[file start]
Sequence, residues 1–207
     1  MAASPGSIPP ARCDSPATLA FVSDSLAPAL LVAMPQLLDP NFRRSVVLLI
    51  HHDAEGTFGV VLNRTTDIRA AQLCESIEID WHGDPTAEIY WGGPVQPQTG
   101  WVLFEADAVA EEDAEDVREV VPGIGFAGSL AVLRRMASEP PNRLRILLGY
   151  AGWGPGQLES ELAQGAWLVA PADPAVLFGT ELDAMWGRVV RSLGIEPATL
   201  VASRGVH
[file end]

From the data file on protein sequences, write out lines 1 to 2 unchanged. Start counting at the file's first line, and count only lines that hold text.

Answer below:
Sequence, residues 1–207
     1  MAASPGSIPP ARCDSPATLA FVSDSLAPAL LVAMPQLLDP NFRRSVVLLI